I hadn’t been to the optometrist in almost three years. He had given me a prescription for disposable contacts which provided me with twelve pairs, and I was supposed to start wearing a new pair every month, throw out the old pair, and come back for a new prescription at the end of the year. But I could never bear to throw the lenses out when they were still working perfectly well. So I would wear a pair for two months, or even three months. Once I went almost five months before I broke out a new pair. The result was that I didn’t get to my final pair until towards the end of the third year. But as soon as I opened those last two little bottles, I called to make my appointment.
It turned out that my regular optometrist was not there when I went in for my appointment, and a perky young woman was covering for him. She finished the exam and then said “You have cataracts. They are pretty far advanced, especially in the right eye, and you should have surgery as soon as possible.” I was stunned. I think usually people have more warning, get told a cataract is developing, and then each year it is a little worse and ultimately they have surgery, but they have had several years to get used to the idea. I wonder whether, if my regular optometrist had been there, he would have broken it to me more gently.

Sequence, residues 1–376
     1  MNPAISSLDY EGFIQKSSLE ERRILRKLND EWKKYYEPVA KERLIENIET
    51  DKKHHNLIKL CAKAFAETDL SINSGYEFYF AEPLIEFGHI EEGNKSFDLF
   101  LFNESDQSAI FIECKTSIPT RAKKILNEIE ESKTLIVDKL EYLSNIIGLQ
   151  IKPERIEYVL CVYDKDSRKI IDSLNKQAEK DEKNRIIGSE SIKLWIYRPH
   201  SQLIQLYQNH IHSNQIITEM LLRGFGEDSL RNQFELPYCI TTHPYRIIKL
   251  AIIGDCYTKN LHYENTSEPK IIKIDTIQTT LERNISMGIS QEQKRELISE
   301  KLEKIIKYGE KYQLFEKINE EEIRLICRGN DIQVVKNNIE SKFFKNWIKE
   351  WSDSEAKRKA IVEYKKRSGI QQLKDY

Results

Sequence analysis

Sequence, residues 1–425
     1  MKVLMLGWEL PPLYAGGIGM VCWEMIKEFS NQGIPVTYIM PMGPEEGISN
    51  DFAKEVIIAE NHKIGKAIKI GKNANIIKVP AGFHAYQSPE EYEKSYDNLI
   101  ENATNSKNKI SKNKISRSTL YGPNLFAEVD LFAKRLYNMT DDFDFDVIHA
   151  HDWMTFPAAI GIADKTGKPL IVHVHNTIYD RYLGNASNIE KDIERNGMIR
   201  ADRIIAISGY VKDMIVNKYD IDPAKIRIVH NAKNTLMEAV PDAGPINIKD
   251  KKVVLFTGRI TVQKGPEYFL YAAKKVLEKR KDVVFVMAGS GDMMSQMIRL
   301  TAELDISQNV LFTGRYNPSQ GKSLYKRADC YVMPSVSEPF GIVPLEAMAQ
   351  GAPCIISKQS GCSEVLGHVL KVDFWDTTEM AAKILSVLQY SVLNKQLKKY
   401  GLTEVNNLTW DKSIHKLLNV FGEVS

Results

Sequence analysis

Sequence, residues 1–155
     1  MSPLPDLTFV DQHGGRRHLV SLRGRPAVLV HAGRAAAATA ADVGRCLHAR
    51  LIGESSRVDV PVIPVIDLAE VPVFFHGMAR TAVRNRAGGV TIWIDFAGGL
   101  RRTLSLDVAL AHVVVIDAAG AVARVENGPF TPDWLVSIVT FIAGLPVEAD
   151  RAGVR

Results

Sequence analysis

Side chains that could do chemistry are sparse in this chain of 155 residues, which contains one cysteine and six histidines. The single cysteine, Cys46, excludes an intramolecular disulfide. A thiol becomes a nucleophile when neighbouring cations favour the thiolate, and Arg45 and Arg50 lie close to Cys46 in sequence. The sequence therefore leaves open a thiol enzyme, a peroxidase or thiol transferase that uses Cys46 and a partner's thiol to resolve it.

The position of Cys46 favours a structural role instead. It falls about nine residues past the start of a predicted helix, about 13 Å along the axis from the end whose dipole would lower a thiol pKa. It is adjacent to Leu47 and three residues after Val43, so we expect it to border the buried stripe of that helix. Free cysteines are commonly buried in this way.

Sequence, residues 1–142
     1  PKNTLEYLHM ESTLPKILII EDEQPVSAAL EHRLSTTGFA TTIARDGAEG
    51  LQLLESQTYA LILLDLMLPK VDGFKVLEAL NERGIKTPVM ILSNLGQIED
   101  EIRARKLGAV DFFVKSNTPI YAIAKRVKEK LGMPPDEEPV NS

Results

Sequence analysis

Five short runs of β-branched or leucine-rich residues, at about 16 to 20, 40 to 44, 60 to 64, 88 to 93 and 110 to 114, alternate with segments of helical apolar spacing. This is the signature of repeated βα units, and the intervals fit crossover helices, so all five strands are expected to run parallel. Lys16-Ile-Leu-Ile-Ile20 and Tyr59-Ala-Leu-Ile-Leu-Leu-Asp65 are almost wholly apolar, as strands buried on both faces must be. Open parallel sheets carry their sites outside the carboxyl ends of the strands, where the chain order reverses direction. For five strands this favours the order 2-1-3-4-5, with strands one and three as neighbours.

I went home and cried. It just seemed too awful. Not only because the idea of surgery on my eyes was alarming, but also because cataracts were something that only old people had! I was not ready to be one of those old people! We had been talking about having a party at the end of the summer, and I said we can’t have a party, I’m too upset about having cataracts! Luckily, although we had designed the evites, we had not yet sent them out. So the party was canceled.